What we do not need is another property tax to raise these funds. For various reasons, property taxes are increasingly inequitable in our city, with large institutions paying nothing while individual, moderate-income residents struggle mightily to pay their property tax bills along with everything else.
A fairer approach would be a “flood-reduction fee.” Every property owner — no exceptions — would pay such a fee based on the amount of water that runs off the owner’s property when it rains. The fee could ultimately make New Orleans much safer while reducing street and building repair costs.
Under a thoughtfully structured fee system, the city would set an appropriate baseline amount of runoff per square foot of land. Runoff above that amount would be subject to the fee. Property owners who took steps to reduce runoff — by installing rain gardens or reducing excessive paving, for example — could see their fee reduced or even eliminated.
Very simply, if you are using the drainage system extensively, you pay a fee; if you are using the drainage system less heavily, you pay little or no fee.
While the bulk of the funds generated from this fee should be dedicated to a combination of improving and maintaining the drainage system and building more green infrastructure on public lands, a portion should be set aside to assist low-income homeowners and small nonprofits (such as neighborhood churches) to take steps to reduce their rainfall runoff. Other incentives should also be considered, such as low- or no-interest loans to businesses to retrofit their properties in ways that reduce runoff.
Additionally, we need to determine who collects the money, and how to ensure that all expenditures of the funds are completely transparent. In the bigger picture, we need to discuss which current city entity should be responsible for the drainage system, or whether we need a new entity.
The technology exists to measure property runoff very accurately. It is used by city governments all over the United States to implement similar flood-reduction fees. In fact, approximately 1,300 jurisdictions around the U.S. have these fees, with the average residential property owner paying $5.12 per month. A New Orleans version can be developed using the very best ideas from comparable cities.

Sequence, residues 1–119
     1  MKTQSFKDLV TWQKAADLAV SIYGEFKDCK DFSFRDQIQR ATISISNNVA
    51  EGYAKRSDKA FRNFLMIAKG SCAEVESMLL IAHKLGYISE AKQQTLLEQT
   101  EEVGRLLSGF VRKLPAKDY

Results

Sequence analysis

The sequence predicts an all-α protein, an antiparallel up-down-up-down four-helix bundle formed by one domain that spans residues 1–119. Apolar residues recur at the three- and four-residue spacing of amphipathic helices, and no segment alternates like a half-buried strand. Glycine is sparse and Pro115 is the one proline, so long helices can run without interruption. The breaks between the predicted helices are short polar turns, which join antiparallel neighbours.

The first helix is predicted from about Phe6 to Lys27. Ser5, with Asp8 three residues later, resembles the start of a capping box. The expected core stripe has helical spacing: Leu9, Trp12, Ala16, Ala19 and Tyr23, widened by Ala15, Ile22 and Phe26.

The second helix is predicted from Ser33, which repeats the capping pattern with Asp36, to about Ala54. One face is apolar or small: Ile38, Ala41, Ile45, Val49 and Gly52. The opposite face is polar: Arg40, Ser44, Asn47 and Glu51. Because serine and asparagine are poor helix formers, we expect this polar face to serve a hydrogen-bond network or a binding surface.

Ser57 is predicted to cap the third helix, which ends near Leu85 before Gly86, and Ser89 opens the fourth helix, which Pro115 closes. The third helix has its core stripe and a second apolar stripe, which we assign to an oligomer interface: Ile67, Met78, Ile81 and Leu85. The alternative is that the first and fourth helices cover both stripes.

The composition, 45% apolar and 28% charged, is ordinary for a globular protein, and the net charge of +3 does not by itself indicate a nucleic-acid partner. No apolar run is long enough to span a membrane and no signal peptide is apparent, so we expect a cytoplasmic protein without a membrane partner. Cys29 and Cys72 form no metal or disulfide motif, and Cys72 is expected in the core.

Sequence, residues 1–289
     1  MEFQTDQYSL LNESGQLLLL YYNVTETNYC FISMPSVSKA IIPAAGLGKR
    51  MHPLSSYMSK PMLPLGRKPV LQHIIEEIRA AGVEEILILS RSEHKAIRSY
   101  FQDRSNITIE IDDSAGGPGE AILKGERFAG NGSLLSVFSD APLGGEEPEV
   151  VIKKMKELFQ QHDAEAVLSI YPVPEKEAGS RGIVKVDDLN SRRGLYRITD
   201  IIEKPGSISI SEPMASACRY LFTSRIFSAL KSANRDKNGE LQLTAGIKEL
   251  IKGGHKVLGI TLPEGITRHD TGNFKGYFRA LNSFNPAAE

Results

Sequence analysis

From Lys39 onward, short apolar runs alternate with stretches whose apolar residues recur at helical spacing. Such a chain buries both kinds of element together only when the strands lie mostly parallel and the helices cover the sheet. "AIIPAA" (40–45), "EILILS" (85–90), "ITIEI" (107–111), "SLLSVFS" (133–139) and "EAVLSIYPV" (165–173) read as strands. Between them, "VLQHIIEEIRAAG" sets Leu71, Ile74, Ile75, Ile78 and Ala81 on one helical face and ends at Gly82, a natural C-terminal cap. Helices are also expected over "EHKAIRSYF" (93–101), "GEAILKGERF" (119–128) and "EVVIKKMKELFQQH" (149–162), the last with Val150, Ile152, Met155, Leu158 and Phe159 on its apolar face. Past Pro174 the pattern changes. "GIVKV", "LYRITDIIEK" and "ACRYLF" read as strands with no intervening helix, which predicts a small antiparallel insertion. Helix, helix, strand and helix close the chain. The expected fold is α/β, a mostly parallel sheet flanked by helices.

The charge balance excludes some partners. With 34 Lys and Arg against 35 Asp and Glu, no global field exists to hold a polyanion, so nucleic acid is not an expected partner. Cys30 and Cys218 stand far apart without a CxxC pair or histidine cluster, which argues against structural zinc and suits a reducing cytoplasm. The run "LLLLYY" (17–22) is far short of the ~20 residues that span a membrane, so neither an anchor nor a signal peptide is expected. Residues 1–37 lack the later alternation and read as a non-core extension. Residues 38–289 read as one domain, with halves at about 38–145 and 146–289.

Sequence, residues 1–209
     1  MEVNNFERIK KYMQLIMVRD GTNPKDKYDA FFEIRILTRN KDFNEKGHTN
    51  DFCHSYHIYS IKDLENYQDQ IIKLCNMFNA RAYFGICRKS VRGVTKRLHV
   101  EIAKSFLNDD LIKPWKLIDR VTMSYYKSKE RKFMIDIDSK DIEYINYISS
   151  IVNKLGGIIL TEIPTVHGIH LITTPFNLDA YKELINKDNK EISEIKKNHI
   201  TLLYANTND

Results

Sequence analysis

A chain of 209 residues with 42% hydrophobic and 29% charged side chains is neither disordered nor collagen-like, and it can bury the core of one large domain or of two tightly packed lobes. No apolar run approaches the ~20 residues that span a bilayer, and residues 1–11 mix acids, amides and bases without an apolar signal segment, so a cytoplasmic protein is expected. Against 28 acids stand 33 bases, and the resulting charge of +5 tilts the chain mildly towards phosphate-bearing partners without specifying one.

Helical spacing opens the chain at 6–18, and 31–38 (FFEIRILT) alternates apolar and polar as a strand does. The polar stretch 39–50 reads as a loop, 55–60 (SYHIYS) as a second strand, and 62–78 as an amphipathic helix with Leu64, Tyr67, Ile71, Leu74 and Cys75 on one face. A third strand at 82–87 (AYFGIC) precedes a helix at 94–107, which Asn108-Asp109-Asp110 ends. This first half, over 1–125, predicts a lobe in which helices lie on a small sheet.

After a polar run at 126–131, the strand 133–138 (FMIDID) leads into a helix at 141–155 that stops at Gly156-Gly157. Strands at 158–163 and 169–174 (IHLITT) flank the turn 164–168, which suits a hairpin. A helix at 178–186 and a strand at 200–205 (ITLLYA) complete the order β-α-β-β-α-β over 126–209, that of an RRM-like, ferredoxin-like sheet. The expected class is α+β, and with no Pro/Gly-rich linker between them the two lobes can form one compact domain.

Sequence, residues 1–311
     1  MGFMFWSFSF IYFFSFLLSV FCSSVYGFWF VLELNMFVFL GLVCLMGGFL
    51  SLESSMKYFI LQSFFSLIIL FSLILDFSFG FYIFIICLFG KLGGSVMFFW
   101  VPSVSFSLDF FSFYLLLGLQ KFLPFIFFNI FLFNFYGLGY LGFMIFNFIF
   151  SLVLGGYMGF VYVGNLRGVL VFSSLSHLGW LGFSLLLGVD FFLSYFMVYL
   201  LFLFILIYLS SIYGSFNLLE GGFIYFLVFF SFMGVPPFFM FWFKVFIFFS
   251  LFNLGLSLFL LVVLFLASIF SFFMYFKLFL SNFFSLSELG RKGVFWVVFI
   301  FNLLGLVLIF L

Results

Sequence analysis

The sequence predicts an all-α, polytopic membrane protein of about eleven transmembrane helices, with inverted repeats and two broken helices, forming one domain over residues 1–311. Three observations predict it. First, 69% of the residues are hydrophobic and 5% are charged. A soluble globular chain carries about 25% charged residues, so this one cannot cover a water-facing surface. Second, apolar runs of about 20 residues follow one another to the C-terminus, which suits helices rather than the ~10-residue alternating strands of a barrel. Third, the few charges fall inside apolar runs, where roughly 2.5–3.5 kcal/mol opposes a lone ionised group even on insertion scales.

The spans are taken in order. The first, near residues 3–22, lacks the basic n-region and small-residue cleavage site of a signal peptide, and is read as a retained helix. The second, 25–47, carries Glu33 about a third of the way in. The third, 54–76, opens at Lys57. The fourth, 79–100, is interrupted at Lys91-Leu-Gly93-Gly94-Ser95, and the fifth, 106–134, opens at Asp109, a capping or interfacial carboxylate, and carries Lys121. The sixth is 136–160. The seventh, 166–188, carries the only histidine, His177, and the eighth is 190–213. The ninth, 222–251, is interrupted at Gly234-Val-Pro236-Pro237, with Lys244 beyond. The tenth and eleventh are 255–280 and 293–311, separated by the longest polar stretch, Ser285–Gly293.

We are not talking about doing anything new or earth-shattering — or expensive, for that matter. We are simply suggesting that we use a proven method that could be easily implemented to solve major problems in New Orleans.
The sooner we define and adopt a thoughtful, equitable flood-reduction fee, the better. This will require the mayor we elect on Nov. 18 to show bold leadership. Both candidates have pledged to make the city a leader in water management, and that requires a fairer, smarter approach to financing flood reduction.
The rain is going to keep falling. The only real question is this: Are we as a city going to get smarter and better about what to do with the rain after it hits the ground?
Miriam Belblidia, CFM, MPA, is co-founder and chief executive officer of Water Works, L3C, and president of the Water Collaborative of Greater New Orleans. Colleen Butler, PhD, CFM, owns Lotus Eco Systems, LLC. She chairs the Research and Policy Working Group for the Water Collaborative of Greater New Orleans.
Views expressed in the Opinion section are not necessarily those of The Lens or its staff. To propose an idea for a column, contact Lens founder Karen Gadbois.